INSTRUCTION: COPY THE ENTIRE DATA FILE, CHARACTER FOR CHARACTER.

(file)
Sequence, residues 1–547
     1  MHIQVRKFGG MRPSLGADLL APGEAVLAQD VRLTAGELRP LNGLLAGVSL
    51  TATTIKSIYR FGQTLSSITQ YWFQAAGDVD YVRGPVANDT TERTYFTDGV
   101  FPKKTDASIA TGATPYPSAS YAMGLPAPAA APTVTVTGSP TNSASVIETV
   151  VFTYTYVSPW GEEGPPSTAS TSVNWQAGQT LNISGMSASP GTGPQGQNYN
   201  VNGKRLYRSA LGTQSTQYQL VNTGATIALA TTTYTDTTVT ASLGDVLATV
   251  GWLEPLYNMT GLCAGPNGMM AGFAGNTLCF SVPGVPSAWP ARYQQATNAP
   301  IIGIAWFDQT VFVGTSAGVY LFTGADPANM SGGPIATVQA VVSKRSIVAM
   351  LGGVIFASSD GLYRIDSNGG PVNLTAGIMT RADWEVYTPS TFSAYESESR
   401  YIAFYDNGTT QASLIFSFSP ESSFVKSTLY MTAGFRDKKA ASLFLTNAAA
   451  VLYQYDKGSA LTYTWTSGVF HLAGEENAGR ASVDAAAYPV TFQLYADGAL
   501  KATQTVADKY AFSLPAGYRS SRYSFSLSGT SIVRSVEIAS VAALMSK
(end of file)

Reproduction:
Sequence, residues 1–547
     1  MHIQVRKFGG MRPSLGADLL APGEAVLAQD VRLTAGELRP LNGLLAGVSL
    51  TATTIKSIYR FGQTLSSITQ YWFQAAGDVD YVRGPVANDT TERTYFTDGV
   101  FPKKTDASIA TGATPYPSAS YAMGLPAPAA APTVTVTGSP TNSASVIETV
   151  VFTYTYVSPW GEEGPPSTAS TSVNWQAGQT LNISGMSASP GTGPQGQNYN
   201  VNGKRLYRSA LGTQSTQYQL VNTGATIALA TTTYTDTTVT ASLGDVLATV
   251  GWLEPLYNMT GLCAGPNGMM AGFAGNTLCF SVPGVPSAWP ARYQQATNAP
   301  IIGIAWFDQT VFVGTSAGVY LFTGADPANM SGGPIATVQA VVSKRSIVAM
   351  LGGVIFASSD GLYRIDSNGG PVNLTAGIMT RADWEVYTPS TFSAYESESR
   401  YIAFYDNGTT QASLIFSFSP ESSFVKSTLY MTAGFRDKKA ASLFLTNAAA
   451  VLYQYDKGSA LTYTWTSGVF HLAGEENAGR ASVDAAAYPV TFQLYADGAL
   501  KATQTVADKY AFSLPAGYRS SRYSFSLSGT SIVRSVEIAS VAALMSK